What Is Deductive Reasoning?  Definition & Examples
Deductive reasoning involves forming a specific conclusion from general premises.
A deductive argument typically starts with a broad principle, applies it to a particular situation or example, and leads to an inevitable conclusion.
Deduction is the mode of reasoning used in formal logic, which has applications in mathematics, logic, science, and law. In everyday decisionmaking and thought processes, deductive reasoning often falls into the category of “common sense” thinking.
Table of contents
 What is deductive reasoning?
 Deductive reasoning vs inductive reasoning
 Deductive reasoning examples
 Types of deductive reasoning in logic and argumentation
 Valid vs invalid deductive arguments
 Deductive reasoning and logical fallacies
 Hypotheticodeductive reasoning in research
 Frequently asked questions about deductive reasoning
What is deductive reasoning?
Deductive reasoning is the process of applying broad rules, hypotheses, or truths, to specific situations to form conclusions that must follow logically. It’s used to establish proofs, test hypotheses, and verify classifications.
In daily life, we use deductive reasoning in problemsolving, decisionmaking, pattern recognition, and categorization to draw logical conclusions from established rules or observations.
Deductive reasoning is often defined in contrast to inductive reasoning.
Deductive reasoning vs inductive reasoning
Deductive reasoning moves from general to specific, whereas inductive reasoning moves from specific to general.
 Deductive reasoning: Applying broad principles to specific instances
 Example: “All marine mammals breathe air. Dolphins are marine mammals. Therefore, dolphins breathe air.”
 Inductive reasoning: Inferring broad hypotheses from specific data or observations
 Example: “Societies with higher education funding experience better economic growth; therefore, boosting education funding will enhance economic growth.”
Induction involves drawing conclusions that extend beyond the scope of the initial premises and can be further supported by empirical evidence. Deduction, however, produces conclusions that can be inferred from the premises alone, providing certainty without the need for additional testing.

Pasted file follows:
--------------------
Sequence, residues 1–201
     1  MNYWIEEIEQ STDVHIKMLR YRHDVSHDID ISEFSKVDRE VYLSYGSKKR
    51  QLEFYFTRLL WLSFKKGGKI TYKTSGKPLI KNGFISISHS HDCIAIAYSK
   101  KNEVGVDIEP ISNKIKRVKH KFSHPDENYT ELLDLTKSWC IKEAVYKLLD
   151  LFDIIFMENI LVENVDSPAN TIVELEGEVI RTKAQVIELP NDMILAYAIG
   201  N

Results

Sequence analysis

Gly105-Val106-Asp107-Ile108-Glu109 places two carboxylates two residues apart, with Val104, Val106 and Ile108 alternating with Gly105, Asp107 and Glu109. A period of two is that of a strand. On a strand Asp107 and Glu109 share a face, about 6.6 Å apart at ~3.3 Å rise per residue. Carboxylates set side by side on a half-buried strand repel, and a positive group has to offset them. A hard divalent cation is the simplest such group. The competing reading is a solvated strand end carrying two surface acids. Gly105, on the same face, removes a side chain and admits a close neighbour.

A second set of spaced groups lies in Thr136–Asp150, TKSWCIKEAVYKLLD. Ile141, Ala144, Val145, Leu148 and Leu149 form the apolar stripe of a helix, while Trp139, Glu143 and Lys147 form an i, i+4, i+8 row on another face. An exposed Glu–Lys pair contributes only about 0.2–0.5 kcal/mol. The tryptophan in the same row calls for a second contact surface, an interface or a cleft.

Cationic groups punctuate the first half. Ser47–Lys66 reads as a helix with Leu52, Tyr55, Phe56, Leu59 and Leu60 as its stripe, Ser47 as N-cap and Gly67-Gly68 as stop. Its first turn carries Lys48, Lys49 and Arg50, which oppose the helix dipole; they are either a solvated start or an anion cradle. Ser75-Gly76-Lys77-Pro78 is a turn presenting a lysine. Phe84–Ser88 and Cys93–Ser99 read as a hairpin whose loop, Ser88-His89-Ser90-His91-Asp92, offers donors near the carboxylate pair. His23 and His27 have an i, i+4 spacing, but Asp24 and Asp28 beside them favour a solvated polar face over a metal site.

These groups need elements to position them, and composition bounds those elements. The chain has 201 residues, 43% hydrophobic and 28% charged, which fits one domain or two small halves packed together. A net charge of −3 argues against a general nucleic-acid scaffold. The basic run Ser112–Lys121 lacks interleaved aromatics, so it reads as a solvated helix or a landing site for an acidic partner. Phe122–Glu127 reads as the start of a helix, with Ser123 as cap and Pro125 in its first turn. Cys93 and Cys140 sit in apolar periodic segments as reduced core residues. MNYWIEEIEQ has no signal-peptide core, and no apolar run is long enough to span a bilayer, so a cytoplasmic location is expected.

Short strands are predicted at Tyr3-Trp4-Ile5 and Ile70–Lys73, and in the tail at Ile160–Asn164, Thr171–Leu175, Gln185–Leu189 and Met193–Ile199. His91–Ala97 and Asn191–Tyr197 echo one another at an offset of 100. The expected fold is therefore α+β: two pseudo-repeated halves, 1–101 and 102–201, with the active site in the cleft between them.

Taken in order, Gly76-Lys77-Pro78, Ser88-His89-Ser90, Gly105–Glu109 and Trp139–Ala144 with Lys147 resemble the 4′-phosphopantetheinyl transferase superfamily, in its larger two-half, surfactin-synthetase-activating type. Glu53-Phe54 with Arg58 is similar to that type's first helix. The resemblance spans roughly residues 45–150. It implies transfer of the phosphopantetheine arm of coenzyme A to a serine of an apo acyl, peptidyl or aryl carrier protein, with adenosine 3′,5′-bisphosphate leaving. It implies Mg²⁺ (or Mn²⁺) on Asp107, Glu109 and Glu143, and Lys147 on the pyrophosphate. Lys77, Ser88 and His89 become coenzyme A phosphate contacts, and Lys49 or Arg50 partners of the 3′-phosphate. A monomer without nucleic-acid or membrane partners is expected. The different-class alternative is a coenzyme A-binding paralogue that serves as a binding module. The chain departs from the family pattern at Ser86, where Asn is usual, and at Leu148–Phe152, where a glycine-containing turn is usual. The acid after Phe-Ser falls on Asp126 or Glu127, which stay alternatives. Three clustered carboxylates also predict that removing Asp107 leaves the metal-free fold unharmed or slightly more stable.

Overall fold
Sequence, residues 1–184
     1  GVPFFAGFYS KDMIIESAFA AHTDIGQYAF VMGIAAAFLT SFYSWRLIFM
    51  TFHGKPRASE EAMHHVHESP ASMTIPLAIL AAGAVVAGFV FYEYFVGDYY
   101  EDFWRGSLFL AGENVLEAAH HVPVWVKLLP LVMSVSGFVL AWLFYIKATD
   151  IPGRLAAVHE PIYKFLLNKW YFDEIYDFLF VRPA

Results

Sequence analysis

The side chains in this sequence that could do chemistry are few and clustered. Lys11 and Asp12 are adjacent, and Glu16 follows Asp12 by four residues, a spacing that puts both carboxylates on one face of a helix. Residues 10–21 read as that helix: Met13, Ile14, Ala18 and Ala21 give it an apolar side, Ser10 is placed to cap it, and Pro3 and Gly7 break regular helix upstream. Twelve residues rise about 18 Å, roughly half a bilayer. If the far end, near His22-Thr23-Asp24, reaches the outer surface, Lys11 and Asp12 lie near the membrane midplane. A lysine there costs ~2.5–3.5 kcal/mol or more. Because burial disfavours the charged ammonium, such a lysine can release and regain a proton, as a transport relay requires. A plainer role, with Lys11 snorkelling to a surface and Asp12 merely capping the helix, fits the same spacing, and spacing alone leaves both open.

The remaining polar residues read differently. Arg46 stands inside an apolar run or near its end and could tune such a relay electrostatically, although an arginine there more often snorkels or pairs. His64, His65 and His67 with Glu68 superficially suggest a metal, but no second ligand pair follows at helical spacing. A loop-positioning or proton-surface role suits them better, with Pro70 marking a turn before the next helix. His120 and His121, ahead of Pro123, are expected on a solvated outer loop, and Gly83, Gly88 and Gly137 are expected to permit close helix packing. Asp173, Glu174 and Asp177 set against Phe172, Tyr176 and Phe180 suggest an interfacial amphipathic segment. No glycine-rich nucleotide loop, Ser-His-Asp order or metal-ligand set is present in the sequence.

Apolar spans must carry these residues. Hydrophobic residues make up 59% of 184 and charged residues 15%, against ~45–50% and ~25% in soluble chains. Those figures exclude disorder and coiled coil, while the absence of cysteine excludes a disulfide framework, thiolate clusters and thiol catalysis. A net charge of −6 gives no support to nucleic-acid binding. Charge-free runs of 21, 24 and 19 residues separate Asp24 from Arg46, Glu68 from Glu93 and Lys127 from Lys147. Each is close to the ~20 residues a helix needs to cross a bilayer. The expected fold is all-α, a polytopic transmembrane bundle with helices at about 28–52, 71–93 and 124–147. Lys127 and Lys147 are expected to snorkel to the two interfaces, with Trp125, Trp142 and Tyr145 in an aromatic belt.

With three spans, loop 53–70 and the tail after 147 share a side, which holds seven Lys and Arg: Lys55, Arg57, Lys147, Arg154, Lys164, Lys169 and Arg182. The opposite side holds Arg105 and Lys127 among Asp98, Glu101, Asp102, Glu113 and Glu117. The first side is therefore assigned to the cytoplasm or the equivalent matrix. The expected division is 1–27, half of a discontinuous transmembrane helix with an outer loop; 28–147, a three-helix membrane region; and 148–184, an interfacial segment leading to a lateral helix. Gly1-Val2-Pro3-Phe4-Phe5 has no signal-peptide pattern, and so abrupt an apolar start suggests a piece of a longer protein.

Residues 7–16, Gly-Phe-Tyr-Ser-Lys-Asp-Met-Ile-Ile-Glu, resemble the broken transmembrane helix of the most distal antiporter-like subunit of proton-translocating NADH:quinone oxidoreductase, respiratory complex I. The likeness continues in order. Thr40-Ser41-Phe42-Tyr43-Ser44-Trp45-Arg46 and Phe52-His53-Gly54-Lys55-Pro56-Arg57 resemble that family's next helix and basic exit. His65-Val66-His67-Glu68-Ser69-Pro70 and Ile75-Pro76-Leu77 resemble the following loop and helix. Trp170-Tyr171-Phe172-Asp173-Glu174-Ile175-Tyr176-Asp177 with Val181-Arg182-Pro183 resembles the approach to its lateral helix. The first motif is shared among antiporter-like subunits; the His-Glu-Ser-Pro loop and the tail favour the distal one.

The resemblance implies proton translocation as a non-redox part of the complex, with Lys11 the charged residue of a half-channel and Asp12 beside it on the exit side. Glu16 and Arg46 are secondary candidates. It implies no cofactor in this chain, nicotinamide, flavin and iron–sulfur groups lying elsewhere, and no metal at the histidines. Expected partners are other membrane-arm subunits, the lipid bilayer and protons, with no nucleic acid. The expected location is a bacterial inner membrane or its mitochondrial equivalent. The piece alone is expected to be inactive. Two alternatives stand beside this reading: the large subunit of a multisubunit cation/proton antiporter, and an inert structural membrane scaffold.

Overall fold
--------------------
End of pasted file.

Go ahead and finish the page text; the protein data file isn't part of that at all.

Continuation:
Deductive reasoning examples
Examples of deductive reasoning are common in daytoday life. For instance, every time we make calculations, we use deduction.
In casual communication, it’s rare to see deductive reasoning presented in the form of an explicit argument.
However, it’s relatively common to find explicit examples of deductive arguments in certain professional and academic domains such as mathematics, logic, law, and science.
In programming, computers use deduction to draw logical conclusions based on given rules or conditions.
In law, deductive reasoning is commonly used to apply established legal principles to specific cases or situations.
Lawyers and judges deduce logical conclusions from legal rules, statutes, precedents, and evidence.
Types of deductive reasoning in logic and argumentation
Deduction is central to formal logic and is expressed through formal arguments, or syllogisms, which comprise two premises followed by a conclusion that must be true if the premises are true.
There are three main categories of syllogisms:
 Hypothetical syllogisms (or conditional syllogisms) form inferences from conditional (if—then) statements (e.g., “If a shape is an octagon, then it has 8 sides. This shape does not have 8 sides. Therefore, this shape is not an octagon.”); examples include modus ponens and modus tollens
 Disjunctive syllogisms involve using disjunctive (either—or) statements to infer conclusions about mutually exclusive options (e.g., “A light switch is either on or off. It is not off. Therefore, it is on.”)
 Categorical syllogisms compare categories and describe their relationships using terms such as “all,” “some,” or “no” (e.g., “No human has a tail. Spider monkeys have tails. Therefore, spider monkeys are not human.”)
When properly formed, syllogisms are valid, but structural flaws render them invalid.
Valid vs invalid deductive arguments